German generosity will break Berlin

Published in Business Spectator (Melbourne), 5 July 2012–Germanys-slow-slide-i-pd20120704-VVB2J?OpenDocument

After last week’s decisive EU summit (the 20th of its kind), and after the German parliament’s support for the latest bailout plans, the euro is saved! Again. The usual sigh of relief was heard at bourses across the continent, and once more politicians congratulated themselves on their historic achievements.

A cynical interpretation of events would come to a different conclusion. German decision makers were effectively confronted with a choice between two evils. By blocking immediate help for Greece, Spain and Italy, they could have triggered a collapse of these countries. Without access to substantial bailout funds like the new European Stability Mechanism, governments of the struggling eurozone periphery would have been unable to finance their activities for much longer. This was the first choice – and no one was willing to risk this outcome.

So instead the Germans went for the second option: By committing themselves to potentially unlimited wealth transfers from their taxpayers to the European periphery, they may have averted an immediate catastrophe. But in doing so – and by simultaneously lifting the reform pressure off these countries – they also guaranteed that the euro crisis will now end not with the bankruptcy of Athens, Madrid or Rome. It will end with the fall of Berlin.

In the years prior to the crisis, spreads between the bonds of the healthier countries of Europe such as Germany and the less reassuring looking periphery such as Italy had narrowed to just a few basis points. The assumption behind this pricing was simple. Membership of the eurozone had made investments in Southern Europe more secure as their stability was effectively underwritten by the eurozone’s more prosperous core – i.e. Germany.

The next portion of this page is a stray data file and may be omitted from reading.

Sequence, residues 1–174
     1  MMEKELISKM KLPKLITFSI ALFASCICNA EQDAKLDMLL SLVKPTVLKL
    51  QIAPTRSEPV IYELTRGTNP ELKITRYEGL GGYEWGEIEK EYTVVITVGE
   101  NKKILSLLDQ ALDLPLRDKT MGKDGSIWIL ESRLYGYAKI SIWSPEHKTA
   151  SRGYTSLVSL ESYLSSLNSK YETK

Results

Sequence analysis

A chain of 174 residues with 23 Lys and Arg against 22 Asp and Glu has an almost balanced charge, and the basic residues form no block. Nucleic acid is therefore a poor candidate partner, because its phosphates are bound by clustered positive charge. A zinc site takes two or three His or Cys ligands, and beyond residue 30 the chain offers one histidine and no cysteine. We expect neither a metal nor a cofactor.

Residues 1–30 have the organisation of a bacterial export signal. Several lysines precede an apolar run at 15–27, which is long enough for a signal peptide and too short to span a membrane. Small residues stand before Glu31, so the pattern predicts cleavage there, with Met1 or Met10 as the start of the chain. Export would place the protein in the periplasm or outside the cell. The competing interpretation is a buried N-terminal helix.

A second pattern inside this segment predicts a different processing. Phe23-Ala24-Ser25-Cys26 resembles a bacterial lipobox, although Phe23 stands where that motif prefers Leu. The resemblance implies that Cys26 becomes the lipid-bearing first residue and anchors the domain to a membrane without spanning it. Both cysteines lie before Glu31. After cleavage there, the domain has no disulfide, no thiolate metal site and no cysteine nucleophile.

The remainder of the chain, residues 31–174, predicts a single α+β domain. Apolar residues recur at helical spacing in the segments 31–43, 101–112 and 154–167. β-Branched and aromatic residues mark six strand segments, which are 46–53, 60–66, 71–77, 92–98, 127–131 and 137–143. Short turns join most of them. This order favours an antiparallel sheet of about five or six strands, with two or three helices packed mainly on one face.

In the course of the GFC, markets became more risk aware almost overnight and also more risk averse soon afterwards. Suddenly they realised that eurozone membership was not equal to being exempt from the risk of default. The louder the Germans and their tabloid newspapers screamed and complained about their profligate southern neighbours, the more markets had to question their previous assumptions. Consequently, the spreads between German bunds and PIIGS bonds increased steadily.

More recent developments in the euro crisis should call this into question. What we have witnessed time and again is the German government drawing lines in the sand. No bailout for Greece! No European rescue package! No stability mechanism! No Spanish bailout without corresponding austerity commitments! No bond purchases by the European Central Bank! Nein! Nein! Nein!

In the event, the euro crisis has washed away every one of these German lines. Dragged kicking and screaming, Chancellor Angela Merkel and her government have always given in to demands for extended German engagement.

Ironically, hardly anyone has noticed. Not outside Germany where Frau Merkel is still regarded as a ‘Madame Non’; not in Germany either where she has thus far managed to portray herself as a lone fighter for Germany’s interests. In fact, her defence of the German purse is as effective as the German soccer team’s efforts against Italian striker Mario Balotelli. His two goals sent Germany home from the European Championships.